On September 25, the Congress of the Mexican state of Oaxaca approved a bill to decriminalize abortion during the first 12 weeks of pregnancy. With 24 votes in favor and 10 against the bill, lawmakers approved the reform making Oaxaca the second state, after the capital Mexico City in 2007, to legalize elective abortions.
Both feminist and religious anti-choice groups demonstrated outside the Congress building during the debate on the bill. The main entrance of the building was occupied by Catholic parishioners, who protested with religious images asking the legislators to vote against the legalization of abortion. The other entrance of the building was taken over by feminist activists with green scarfs demanding that the legislators respect the sexual and reproductive rights of women and vote to avoid deaths from clandestine and unsafe abortions.
The decision was celebrated throughout the country and Latin America. Women, social and human rights activists across the country applauded the historic decision. Several legislators of the National Congress congratulated the state of Oaxaca. The Information Group on Reproductive Choice (GIRE), an NGO on reproductive rights, also appreciated the decision.
Laura Estrada Mauro, the state legislator of the ruling government of National Regeneration Movement (Morena) party and President Andrés Manuel López Obrador (AMLO), congratulated the women of Oaxaca and said that the reform seeks to respect women’s private lives and decisions.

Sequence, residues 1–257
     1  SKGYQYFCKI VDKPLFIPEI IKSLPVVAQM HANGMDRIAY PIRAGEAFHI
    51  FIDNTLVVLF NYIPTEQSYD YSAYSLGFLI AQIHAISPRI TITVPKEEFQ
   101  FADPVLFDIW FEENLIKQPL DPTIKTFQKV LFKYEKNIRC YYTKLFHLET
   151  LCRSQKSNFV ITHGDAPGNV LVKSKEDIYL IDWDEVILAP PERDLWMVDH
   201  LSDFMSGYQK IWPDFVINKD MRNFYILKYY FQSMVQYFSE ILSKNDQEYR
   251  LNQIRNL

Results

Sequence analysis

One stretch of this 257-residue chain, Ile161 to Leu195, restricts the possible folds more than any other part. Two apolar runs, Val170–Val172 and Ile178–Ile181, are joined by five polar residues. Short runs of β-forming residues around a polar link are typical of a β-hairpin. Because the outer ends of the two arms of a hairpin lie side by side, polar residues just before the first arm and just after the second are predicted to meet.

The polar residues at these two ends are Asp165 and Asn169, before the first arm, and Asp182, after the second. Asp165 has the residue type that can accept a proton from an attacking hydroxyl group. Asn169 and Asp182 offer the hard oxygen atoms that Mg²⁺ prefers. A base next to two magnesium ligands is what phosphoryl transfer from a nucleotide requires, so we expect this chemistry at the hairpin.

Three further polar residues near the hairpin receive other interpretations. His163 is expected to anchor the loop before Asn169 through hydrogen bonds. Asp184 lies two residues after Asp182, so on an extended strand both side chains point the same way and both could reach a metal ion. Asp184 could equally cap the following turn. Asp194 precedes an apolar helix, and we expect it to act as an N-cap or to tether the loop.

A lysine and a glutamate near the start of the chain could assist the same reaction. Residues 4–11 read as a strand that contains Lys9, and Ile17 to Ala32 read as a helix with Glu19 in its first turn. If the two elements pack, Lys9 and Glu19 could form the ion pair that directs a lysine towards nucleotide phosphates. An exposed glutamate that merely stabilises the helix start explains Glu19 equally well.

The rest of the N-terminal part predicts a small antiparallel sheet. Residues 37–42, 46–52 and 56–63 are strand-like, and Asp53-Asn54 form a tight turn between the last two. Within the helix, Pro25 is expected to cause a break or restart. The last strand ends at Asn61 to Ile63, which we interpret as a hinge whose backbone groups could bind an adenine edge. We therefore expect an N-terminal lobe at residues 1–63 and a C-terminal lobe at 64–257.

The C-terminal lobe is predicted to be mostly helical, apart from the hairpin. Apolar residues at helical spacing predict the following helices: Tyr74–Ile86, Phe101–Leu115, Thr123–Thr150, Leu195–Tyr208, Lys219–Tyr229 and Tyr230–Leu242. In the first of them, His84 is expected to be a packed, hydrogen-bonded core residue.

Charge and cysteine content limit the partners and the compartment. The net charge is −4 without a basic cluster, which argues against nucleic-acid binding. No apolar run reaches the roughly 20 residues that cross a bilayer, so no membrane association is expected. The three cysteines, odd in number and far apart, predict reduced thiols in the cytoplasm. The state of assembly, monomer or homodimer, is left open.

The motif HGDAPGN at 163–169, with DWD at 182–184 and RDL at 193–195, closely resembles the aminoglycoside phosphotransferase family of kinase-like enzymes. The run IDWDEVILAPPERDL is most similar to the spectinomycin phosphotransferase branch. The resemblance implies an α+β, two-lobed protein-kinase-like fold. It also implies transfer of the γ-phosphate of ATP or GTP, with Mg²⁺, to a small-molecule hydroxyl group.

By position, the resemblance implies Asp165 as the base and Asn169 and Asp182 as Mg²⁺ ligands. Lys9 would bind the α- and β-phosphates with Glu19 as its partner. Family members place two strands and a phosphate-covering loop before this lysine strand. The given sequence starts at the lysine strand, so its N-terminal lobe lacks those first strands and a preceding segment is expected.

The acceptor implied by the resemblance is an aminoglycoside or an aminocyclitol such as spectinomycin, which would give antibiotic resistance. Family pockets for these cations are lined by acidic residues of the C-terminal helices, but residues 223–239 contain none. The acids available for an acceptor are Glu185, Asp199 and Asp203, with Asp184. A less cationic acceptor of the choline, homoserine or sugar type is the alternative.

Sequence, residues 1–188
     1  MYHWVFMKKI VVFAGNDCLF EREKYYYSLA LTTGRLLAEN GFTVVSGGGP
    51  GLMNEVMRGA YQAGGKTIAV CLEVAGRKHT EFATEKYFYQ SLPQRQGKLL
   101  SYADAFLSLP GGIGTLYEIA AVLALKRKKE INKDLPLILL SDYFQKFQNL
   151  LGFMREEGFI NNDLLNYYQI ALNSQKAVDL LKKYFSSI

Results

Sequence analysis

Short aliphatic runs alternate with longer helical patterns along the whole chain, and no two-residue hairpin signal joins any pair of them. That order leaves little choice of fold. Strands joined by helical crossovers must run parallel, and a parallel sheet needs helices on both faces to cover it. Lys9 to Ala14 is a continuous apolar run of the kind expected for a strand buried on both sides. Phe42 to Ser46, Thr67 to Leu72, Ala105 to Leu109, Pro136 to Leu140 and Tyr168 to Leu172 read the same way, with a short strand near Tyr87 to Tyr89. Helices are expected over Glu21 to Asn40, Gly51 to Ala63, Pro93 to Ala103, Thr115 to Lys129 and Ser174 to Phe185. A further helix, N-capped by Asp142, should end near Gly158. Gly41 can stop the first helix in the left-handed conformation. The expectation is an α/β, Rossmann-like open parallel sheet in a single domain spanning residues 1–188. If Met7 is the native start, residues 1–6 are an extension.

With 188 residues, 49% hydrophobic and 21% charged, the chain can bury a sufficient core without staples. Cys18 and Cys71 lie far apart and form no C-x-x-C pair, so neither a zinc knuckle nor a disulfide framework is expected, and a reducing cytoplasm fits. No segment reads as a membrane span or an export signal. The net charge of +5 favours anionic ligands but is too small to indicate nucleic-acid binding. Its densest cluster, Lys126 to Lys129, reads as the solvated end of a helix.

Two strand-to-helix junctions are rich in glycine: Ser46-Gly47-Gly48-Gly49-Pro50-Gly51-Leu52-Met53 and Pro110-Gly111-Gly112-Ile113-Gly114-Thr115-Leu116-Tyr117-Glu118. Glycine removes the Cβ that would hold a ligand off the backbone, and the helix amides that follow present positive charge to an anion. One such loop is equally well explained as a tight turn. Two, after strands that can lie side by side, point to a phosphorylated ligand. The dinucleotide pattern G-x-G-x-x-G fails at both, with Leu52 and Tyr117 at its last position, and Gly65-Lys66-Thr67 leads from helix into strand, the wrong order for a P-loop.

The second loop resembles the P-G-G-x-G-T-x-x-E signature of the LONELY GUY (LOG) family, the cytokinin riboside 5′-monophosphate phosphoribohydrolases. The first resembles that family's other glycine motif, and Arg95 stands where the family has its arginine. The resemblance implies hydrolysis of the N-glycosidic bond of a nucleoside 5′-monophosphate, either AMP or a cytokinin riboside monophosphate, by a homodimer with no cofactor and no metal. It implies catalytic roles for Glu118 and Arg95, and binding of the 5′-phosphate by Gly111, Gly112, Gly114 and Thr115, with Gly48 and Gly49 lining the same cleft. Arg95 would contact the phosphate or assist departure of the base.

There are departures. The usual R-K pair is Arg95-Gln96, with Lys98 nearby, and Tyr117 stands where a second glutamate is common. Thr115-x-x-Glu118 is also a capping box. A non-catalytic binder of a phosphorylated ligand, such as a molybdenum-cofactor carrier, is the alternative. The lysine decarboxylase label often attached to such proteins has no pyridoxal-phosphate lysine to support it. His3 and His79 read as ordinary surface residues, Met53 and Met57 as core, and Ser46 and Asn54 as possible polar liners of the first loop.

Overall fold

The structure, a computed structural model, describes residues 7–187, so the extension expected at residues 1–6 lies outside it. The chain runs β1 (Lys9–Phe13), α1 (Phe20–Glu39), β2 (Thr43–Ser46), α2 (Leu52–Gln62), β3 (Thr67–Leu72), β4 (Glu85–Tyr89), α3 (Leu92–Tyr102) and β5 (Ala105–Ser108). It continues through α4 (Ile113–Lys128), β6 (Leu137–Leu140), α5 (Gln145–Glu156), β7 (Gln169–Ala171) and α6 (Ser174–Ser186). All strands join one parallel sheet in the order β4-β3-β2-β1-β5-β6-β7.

Before this reform, the Penal Code of Oaxaca established abortion as a crime except in a few cases and was sentenced women between six months and two years in prison. According to figures from the Oaxaca Health Secretariat, over 2,300 clandestine abortions were performed every year in the state. However, as not all abortions are reported, it is estimated that the figure could be more than 9,000 abortions per year.
With the approval of the reform, thousands of girls, women and people of diverse genders will benefit as the restrictions are withdrawn and the right to life, health and choice is legally guaranteed.
In Mexico, abortion is legal only in case of rape. However, the abortion laws and their enforcement vary from state to state. Each state’s law establishes what grounds are legal, what procedure a woman should follow to request an abortion and how/where the service should be provided. Some states also allow abortion in cases such as serious risk to the woman’s life, fetal malformation, non-consensual artificial insemination and financial hardship.
Last week, on September 18, the Ecuadorian National Assembly voted down a bill that would have allowed abortions in cases of rape, incest, statutory rape, and non-consensual insemination. The decision was widely rejected by the citizens and social activists.
Out of the 33 Latin American and the Caribbean countries, only Cuba, Guyana and Uruguay allow elective abortion. Whereas, in countries like Chile, Dominican Republic, El Salvador, Honduras and Nicaragua, abortion is completely banned and criminalized.